Around 10 species of butterfly are likely to visit gardens, including the colourful small tortoiseshell, peacock and red admiral. Sadly, numbers of many butterflies are declining. According to a Butterfly Conservation report published in 2015, The State of Britain's Butterflies, three quarters of UK butterflies have shown a 10-year decrease in either their distribution or population levels.


Do your bit for butterflies by making them welcome in your garden. Adults feed on nectar, and can be seen nectaring on flat, daisy-like blooms as well as plants with long, tubular flowers. The more of these you can grow in your garden, the better.

Butterfly caterpillars feed on leaves and flower buds of so-called 'caterpillar food plants'. Caterpillars of some of the most colourful butterflies feed on nettles. The brimstone feeds on common buckthorn and alder buckthorn. Discover more caterpillar food plants.

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Discover 10 plants that butterflies will love, below.

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Red admiral butterfly on buddleia flower

One of the best-known nectar flowers for adult butterflies, Buddleja davidii produces blooms over a number of weeks between summer and autumn. Grow a few varieties to extend the flowering season.

Red valerian

Red valerian (Centranthus ruber)
Red valerian flower

Red valerian, Centranthus ruber, performs best in poorer, dry or chalky soils, where it forms a tidy, compact plant and won't be overwhelmed by other, stronger plants. It often flowers early and continues well into midsummer.

Verbena bonariensis

Verbena bonariensis
Painted lady butterfly on Verbena bonariensis flower

Tall, with lots of purple flowers on stiff, wiry stems, Verbena bonariensis can be grown through other plants or in a border on its own. It flowers late in the season and is extremely rich in nectar.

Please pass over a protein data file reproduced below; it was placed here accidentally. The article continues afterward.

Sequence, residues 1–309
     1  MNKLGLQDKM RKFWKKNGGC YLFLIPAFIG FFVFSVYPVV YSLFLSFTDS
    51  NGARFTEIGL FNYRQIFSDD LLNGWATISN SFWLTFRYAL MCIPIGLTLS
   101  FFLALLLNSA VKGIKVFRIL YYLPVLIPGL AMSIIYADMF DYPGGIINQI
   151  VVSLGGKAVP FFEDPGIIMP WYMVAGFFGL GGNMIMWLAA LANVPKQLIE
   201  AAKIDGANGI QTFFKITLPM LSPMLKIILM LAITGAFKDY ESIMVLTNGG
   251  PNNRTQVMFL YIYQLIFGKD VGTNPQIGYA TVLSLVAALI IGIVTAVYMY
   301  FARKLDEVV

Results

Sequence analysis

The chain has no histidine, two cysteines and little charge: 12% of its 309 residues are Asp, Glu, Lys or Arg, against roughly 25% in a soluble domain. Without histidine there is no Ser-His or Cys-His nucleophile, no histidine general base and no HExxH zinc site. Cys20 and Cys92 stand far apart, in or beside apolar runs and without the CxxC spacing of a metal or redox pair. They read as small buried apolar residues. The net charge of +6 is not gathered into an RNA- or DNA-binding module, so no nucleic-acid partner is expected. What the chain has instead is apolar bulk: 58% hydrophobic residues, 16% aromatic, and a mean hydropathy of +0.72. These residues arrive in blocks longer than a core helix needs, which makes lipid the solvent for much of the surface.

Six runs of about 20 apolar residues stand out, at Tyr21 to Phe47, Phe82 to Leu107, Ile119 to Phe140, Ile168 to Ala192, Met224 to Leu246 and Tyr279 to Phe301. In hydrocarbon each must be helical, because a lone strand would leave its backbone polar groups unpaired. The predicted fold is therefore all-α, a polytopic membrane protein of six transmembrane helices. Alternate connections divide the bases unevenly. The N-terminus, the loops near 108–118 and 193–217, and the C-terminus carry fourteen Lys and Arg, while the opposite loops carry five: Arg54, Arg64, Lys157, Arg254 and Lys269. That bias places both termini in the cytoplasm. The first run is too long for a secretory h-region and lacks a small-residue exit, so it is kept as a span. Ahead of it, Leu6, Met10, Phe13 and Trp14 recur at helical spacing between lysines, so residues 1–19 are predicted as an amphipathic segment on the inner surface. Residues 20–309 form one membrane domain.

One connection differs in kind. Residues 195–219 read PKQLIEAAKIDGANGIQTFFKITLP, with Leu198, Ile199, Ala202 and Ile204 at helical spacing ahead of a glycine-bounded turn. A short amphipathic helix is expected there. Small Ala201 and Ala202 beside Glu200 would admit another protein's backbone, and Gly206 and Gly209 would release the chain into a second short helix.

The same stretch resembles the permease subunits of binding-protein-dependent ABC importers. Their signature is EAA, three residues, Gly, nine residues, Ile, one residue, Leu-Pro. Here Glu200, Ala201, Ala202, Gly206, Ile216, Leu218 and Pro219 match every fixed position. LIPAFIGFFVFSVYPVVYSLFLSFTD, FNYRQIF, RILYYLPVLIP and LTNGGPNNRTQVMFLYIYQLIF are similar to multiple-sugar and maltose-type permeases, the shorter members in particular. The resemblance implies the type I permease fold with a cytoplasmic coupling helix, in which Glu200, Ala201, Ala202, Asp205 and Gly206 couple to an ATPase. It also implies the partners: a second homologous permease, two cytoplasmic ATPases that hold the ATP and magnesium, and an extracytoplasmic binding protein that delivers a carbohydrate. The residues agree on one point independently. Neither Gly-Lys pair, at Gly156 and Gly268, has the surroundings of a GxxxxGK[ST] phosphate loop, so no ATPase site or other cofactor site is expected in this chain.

Hylotelephium spectabile
Ice plant flowers

Always go for the old-fashioned pink form of Hylotelephium spectabile, which produces the most nectar when it flowers in autumn. Red varieties tend to be poor in comparison.


Hebe flower

As well as being a reliable evergreen shrub, hebes attracts a range of insects, in particular bees and butterflies.

Wild marjoram

Wild marjoram (oregano)
Gatekeeper butterfly on oregano flower

Outdoors, Origanum vulgare is best grown as an annual, as it isn't reliably hardy in the UK. The delicate, pink flowers are a treat for butterflies, as well as bees. Plus, the leaves make a delicious addition to dishes.

Common knapweed

Clouded yellow butterfly on common knapweed flower
Clouded yellow butterfly on common knapweed flower

If you've created an area for wildflowers in your garden, then Centaurea nigra is a must-have. The bright, violet flowers will attract a range of butterflies, including the common blue and meadow brown.


Small tortoiseshell butterfly on hemp agrimony flower

Tough and dependable, Eupatorium cannabinum are statuesque plants that enjoy growing in damp areas including riverbanks and wet grasslands or woodlands. The icy-pink flowers will attract red admirals and commas, among others.

Field scabious

Small tortoiseshell butterfly on scabious flower

Like knapweed, field scabious (Knautia arvensis) is another plant that will pack meadows with colour. There are plenty of similar flowers to try too, including the small scabious and knautia, all of which are popular with butterflies.

Erysimum 'Bowles's Mauve'

Erysimum Bowles's Mauve
Erysimum 'Bowless Mauve' flower

If regularly deadheaded, 'Bowles's Mauve' can be relied upon to flower from spring and into autumn, providing nectar for butterflies both early and late in the year.

Kate Bradbury says

Don’t forget food for their caterpillars. Nettles, hops, lady’s smock, holly, ivy and meadow grasses provide food for the caterpillars of a wide range of butterfly species.

Kate Bradbury